Painting lampshades is a fun and inexpensive way to update your decor, and there are countless lampshade ideas out there that will inspire you. This technique is perfect for creating a whimsical look for a child's room or a statement piece for a living room.
We'll show you how to paint a lampshade in a few simple-to-follow steps. Crafters use fabric paint, spray paint, and other finishes to change the look of old lampshades. We opted to use watercolors because these paints create a one-of-a-kind look that is eclectic and art-inspired.
Just about any watercolors will do, so don't feel like you have to invest in a very expensive set of paints for this project. Pick out 3 to 6 colors that work well with your existing decor. Here is everything you'll need on-hand:
- Paint brush
- Paper towels
Pick a Lampshade to Paint
We opted for an all-white shade that had a felted design. This built-in design gave us an instant pattern to follow instead of needing to create our own.
If you can't find a shade with a felted design, you can follow this technique on any fabric shade to create an ombre shade without any patterns.
Vacuum Any Lint or Debris
Starting off with a clean lampshade is important because any dust or debris will get stuck in the paint. Make sure you vacuum the fabric prior to the next step. If a vacuum won't work due to the fragile nature of the lampshade, try a lint roller.
Start Painting With the Lightest Color
Pick out your first shade. If you're going for an ombre effect, it's best to start with the lightest shade first and build up layers from there.
Add a dab of paint to a palette and slowly start adding water until you get the color and consistency you desire. Using a small paint brush, paint the color onto the felted design. Don't worry if the paint goes outside the lines.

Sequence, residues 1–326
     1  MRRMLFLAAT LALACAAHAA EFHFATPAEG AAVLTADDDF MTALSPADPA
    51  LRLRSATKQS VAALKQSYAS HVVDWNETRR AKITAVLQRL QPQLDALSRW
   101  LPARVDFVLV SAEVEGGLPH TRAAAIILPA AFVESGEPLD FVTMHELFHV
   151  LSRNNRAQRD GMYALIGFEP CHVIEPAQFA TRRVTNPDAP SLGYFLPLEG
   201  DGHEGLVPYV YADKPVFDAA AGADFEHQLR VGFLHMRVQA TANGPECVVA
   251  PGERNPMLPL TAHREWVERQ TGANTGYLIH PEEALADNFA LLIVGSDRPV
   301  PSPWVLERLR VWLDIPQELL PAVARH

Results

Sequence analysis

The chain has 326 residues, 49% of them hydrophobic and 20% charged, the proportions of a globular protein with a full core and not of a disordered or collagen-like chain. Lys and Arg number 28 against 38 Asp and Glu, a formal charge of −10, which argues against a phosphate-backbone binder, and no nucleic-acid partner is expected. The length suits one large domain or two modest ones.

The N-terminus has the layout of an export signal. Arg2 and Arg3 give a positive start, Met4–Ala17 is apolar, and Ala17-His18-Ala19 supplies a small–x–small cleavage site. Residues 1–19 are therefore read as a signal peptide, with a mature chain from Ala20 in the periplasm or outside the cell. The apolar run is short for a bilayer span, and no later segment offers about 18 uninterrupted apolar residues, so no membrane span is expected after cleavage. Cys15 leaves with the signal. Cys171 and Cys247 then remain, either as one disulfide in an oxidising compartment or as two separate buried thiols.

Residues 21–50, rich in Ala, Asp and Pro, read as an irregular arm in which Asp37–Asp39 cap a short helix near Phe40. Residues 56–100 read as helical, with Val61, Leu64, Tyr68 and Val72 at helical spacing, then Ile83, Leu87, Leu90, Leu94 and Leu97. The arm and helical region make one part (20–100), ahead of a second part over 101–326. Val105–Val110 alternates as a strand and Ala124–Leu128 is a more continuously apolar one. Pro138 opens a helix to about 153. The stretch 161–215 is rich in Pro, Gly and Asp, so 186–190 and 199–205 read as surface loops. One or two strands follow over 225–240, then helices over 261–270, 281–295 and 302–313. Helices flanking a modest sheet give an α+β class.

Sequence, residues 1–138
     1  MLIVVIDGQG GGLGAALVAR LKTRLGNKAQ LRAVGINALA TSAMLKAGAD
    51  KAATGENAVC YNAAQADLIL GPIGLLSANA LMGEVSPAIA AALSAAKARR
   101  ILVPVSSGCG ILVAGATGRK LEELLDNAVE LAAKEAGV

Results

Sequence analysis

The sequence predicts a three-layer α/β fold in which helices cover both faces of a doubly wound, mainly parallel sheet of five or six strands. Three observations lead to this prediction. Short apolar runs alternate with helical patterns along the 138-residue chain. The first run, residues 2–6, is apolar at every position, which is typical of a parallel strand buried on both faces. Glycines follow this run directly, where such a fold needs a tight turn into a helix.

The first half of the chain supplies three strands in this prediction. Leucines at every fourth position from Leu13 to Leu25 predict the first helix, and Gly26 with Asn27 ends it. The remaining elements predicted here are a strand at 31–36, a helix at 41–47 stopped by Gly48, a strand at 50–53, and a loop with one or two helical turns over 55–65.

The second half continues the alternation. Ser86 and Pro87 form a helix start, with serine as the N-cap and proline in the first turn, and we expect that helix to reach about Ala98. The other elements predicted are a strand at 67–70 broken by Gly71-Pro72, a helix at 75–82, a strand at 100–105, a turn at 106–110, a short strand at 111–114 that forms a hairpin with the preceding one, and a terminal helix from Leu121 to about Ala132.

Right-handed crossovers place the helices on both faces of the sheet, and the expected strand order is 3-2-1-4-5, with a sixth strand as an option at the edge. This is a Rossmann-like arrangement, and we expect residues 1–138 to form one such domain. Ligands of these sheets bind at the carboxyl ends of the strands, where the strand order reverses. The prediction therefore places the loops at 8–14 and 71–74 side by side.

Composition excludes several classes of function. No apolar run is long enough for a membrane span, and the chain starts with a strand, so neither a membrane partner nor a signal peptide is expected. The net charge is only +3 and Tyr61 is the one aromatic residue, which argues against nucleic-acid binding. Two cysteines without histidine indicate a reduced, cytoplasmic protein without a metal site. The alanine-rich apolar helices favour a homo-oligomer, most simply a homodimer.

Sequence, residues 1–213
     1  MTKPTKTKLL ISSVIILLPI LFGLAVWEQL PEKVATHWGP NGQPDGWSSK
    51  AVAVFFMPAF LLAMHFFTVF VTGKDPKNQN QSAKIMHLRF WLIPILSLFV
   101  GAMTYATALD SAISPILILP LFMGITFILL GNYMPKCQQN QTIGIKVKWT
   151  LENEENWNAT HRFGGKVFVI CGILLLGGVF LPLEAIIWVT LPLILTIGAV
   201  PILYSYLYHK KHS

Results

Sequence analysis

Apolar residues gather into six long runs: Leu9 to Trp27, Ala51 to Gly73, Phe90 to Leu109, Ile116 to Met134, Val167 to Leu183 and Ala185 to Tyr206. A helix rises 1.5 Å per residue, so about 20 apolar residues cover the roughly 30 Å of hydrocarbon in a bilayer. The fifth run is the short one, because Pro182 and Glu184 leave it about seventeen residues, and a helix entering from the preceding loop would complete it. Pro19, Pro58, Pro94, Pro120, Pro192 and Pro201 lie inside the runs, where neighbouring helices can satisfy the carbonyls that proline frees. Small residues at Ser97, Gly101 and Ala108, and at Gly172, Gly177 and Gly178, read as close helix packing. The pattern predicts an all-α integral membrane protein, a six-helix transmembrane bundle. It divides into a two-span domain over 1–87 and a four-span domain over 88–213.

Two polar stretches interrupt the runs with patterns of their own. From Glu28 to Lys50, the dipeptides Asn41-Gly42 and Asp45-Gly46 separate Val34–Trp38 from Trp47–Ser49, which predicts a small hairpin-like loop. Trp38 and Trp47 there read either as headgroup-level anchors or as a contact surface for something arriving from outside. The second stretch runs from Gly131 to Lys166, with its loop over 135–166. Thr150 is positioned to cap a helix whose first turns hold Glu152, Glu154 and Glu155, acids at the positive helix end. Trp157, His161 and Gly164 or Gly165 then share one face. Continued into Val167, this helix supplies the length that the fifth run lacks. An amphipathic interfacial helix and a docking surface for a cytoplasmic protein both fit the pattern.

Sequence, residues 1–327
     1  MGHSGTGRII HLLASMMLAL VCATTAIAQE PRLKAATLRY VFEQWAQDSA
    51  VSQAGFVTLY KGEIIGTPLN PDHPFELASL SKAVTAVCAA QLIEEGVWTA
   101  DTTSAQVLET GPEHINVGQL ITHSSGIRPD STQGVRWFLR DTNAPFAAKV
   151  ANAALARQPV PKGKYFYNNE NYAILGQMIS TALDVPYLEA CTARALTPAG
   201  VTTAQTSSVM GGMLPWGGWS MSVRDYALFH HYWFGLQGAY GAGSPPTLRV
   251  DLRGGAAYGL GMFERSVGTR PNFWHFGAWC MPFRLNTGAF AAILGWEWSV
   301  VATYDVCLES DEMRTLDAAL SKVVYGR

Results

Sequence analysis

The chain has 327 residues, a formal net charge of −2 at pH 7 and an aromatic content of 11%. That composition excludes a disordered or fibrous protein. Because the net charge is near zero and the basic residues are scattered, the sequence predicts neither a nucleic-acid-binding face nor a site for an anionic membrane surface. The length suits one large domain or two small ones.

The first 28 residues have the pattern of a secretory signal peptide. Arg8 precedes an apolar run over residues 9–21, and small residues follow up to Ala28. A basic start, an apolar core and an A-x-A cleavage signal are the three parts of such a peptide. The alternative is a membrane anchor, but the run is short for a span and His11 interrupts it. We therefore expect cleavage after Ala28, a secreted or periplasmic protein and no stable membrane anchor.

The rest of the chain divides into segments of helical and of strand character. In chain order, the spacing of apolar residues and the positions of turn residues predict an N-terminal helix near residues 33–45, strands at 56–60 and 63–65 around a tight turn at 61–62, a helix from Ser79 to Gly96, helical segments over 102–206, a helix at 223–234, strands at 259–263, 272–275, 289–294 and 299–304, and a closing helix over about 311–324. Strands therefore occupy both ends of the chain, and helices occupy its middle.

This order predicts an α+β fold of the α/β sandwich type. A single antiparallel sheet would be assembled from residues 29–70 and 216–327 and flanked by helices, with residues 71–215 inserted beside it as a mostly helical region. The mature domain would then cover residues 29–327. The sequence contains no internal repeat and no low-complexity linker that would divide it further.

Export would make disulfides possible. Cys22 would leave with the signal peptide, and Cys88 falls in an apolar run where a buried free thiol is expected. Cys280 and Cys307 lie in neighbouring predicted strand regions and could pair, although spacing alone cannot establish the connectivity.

If you've never worked with watercolors before, this might take a bit of practice. Try out some strokes on a sheet of paper until you understand how the addition of water changes the paint.
Blot the Watercolor With a Paper Towel
In most cases, the watercolor will bleed into the surrounding fabric, especially if you use a lot of water when painting.
To have more control over the finished look, take a wet paper towel and blot the watercolor around the fabric and blend it into the surrounding white before it dries.
Blend in a Second Color
Once you have added the lightest color around the entire shade, go back in with a second color. Use the same paper towel technique to blend the excess color into the surrounding fabric.
If you're having trouble visualizing the final product, mix some colors together on watercolor paper and finalize your color palette that way. But remember, watercolors can be unpredictable in how they drip or blend on fabric.
Continue Adding New Colors
This painted lampshade technique is highly customizable because you can choose how many colors you want to add. The more layers you add, the more dimension the finished result will have.
If you want your colors to mix together evenly, consider brushing a small section of the fabric with a layer of clean water before painting.
Go Back and Layer Darker Shades
Once the entire lampshade is covered with watercolor paint, go back in with some darker colors. Paint the darker shades on top of the existing paint and blend it into the lighter colors using water.
If an area is too dark, wet a paintbrush with clean water and use that to lift away some of the watercolor from the fabric.
Continue Layering Colors Until You're Happy With the Final Result
This painting technique is very relaxing and easy to get lost in. After a while of painting, put the lampshade down and take a few steps back. Examine the paint and see if you are content with the result.
At times, it might be helpful to let the paint dry completely to see what it looks like. If the paint dries and you see spots needing some work, go back in and add more paint at that point.
Painting lampshades with watercolors is a very easy and forgiving process. The idea isn't to paint between the lines but to create a blotted, beautiful mix of colors.
All images by Heirlooms at Home.